Q&A with Masta Ace
From his 1990 debut solo LP Take A Look Around with production for the most part handled by Marley Marl to the 2012 release and his fourth solo record MA_Doom: Son of Yvonne that has all production from MF Doom, Masta Ace doesn’t only make hip hop, he is hip hop. His influence is wide spread in hip hop today with artists like Eminem and many other potent and lethal lyrical proponents sighting his lyrics as an important source of inspiration. The contribution Masta Ace has given to the community of hip hop and modern music is invaluable, proving that inferior styles of hip hop will never be the standard for someone who saw hip hop grow up right before his eyes. If you are finding your way to his past works, you are in for a big treat as his wordplay, choice of producers and overall vibe on every record is what hip hop stands for.
Masta Ace is on the move in the year 2012, making a presence felt within modern hip hop that is a beautiful reminder of where the art form came from and where it can still go within these foundations. We caught up with him via email and were given the chance to ask the man any five questions we wanted and below is the results of this exchange.
Sound Colour Vibration: Hello Masta Ace. We wanted to say thank you for your time and that your latest collab record with MF Doom is one of the greatest hip hop records we have heard all year. I love that the record is a concept album about your upbringing and how much your mother played a role in shaping who you are today. The album sticks to a very specific structure and is a fresh breath of the analog sound that created hip hop’s foundation. You have mentioned that the extensive record collection your mother owned was one of the first places you found what you loved in music, ultimately defining the creative artist you have become today. What were some of the first concept albums that really stuck with you and how important is it for you to release a concept record of this nature?
Masta Ace: I don’t know if it was necessarily a concept album but De La Soul’s 3 Feet High album introduced me to skits an’ interludes. They opened my mind to the possibilities of what you could do on an album. This album was important because it honors my mother. I wanted the listeners to be transformed back to the 1970′s and see me as a child growing up in Brownsville, Brooklyn.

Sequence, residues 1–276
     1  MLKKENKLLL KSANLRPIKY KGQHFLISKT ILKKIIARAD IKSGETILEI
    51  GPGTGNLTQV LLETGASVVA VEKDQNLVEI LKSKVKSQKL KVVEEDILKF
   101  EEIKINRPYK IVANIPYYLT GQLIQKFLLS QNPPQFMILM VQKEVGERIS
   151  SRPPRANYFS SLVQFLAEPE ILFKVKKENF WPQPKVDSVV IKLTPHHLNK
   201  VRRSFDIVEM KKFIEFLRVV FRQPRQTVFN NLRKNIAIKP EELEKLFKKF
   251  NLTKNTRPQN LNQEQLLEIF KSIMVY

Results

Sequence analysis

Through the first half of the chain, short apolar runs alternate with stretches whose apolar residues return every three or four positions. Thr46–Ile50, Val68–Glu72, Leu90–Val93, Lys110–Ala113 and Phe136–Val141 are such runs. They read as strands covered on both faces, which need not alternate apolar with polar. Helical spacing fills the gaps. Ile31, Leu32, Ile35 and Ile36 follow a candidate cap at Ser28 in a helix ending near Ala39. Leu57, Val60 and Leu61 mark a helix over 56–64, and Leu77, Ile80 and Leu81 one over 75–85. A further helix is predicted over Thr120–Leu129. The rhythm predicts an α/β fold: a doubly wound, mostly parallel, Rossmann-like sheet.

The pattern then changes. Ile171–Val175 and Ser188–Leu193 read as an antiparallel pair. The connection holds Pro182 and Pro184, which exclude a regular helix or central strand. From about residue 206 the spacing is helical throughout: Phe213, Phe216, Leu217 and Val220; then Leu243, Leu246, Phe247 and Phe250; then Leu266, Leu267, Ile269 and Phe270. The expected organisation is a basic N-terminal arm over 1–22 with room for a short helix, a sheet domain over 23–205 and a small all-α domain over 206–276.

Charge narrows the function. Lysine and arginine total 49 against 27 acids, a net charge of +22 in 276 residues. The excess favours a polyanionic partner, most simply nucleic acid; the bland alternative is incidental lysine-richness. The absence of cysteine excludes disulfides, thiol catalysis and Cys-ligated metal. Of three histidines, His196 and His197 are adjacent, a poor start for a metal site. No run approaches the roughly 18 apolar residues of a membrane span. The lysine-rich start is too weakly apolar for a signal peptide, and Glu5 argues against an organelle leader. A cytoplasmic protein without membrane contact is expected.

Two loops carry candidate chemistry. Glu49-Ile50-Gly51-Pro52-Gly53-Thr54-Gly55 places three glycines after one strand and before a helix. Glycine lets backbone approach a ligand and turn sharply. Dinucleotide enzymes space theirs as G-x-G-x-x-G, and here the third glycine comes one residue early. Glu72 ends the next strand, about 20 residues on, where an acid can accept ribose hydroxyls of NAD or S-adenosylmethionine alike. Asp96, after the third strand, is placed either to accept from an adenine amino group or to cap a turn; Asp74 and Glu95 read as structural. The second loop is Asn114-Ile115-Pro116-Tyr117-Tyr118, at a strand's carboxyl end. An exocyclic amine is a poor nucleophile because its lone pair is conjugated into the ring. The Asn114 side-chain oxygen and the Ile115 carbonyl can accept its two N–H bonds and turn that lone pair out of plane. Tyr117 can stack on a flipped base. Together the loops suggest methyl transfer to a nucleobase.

What type of response did you get from MF Doom when first approaching him about releasing this type of collaboration through a label and a proper pressing?
MA: Doom had heard about the project because I had been talking about it on Twitter for almost a year. He was very curious to see what I had put together. When he finally heard the album he was blown away and agreed to feature on one of the songs.
SCV: With an extensive insight into modern and older artists in the hip hop community, which individuals or groups have become your greatest sources of inspiration in the newer generations that create hip hop?
MA: I would say Kayne West is a source of inspiration of today’s artists and Nas has continued to inspire with his lyrical dexterity for many years now. There are many of course who keep me fueled.
SCV: What was the most challenging element to recording MA_DOOM: Son Of Yvonne?
MA: The most challenging element was waiting for Doom to do his verse. The album was done in September of 2011 and I didn’t hand it to Fat Beats until May of 2012. There were moments where I wanted to just hand it in without the verse but in the long run I am glad I waited.
SCV: Now that MA_DOOM: Son Of Yvonne is in the world, are you working on new material for release? What other projects or creative endeavors do you have in the works?
MA: I am re-releasing my Disposable Arts album this fall! It will be a special limited edition vinyl box set! Also, you can expect new music with DJ Premier and Marco Polo.
SCV: Thanks for your time again, we really appreciate it and wish you the best of luck this year with your latest record and with all your future projects. Cheers!